Category Archives: From The Pulpit

Jenkins: Clippers owner’s comments are more than just racist

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Donald Sterling

By Dave Jenkins
Special to Inside The Pew

When you look at the comments that Los Angeles Clippers owner Donald Sterling made concerning his team and minorities, IDonald Sterling think that you have to look at them as more than a racist comment.

Mr. Sterling in one voice recording managed to insult, demean, and marginalize three groups of people.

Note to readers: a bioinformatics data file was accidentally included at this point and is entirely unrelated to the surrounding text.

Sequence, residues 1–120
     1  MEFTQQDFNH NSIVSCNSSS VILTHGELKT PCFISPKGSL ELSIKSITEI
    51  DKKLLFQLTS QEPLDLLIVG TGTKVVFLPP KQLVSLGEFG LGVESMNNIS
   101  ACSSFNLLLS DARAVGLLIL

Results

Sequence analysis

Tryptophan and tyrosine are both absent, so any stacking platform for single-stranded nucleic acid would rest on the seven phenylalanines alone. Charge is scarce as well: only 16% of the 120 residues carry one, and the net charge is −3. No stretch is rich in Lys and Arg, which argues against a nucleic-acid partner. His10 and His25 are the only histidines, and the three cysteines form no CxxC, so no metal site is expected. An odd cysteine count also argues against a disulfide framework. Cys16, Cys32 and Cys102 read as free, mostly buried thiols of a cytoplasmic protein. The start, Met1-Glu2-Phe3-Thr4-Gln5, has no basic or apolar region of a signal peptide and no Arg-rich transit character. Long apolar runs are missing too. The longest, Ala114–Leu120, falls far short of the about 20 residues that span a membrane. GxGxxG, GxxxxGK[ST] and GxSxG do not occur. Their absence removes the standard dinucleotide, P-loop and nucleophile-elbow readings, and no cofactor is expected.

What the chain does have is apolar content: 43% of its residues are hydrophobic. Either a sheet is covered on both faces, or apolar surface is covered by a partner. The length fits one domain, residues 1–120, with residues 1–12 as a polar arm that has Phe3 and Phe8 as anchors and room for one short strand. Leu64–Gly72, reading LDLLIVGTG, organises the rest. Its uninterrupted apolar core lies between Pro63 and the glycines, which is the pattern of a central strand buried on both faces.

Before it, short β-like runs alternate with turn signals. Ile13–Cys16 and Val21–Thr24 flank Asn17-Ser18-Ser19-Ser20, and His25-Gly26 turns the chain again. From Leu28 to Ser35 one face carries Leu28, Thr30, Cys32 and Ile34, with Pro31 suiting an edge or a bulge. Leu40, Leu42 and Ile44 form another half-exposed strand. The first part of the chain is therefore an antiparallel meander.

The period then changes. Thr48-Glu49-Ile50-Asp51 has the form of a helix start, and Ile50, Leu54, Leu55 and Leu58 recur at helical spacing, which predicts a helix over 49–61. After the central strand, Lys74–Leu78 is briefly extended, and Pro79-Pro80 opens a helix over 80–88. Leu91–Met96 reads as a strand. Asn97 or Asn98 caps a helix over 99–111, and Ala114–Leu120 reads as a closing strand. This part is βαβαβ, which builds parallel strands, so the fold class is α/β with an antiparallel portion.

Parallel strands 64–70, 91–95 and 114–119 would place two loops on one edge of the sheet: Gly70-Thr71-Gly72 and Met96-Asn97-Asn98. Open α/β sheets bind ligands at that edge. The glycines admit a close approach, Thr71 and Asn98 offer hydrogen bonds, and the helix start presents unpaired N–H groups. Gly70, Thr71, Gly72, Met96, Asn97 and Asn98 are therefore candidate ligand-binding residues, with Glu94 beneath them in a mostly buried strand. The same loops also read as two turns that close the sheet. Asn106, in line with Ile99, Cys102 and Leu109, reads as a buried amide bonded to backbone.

One group of people he disrespected where the players on the team. Not just the ones that are currently on the team, but any future players, Black or non-Black. When Mr. Sterling states that he gives them food and money for cars, he is negating the fact that these players were not given anything, but earn it on the basketball court. They earned it from the long hours of practice and sacrifice to develop themselves into top level athletes who can easily do what most of us, including Mr. Sterling, can only dream that we can do.  Maybe we should look at how much money the U.S. government gave Mr. Sterling in the form of tax abatements and write-offs that allow him to have a net worth of over $10 billion. The Bible says that a man’s gift will make room for him. These athletes have worked hard so that their gifts can get them into the NBA and earn commercial endorsements.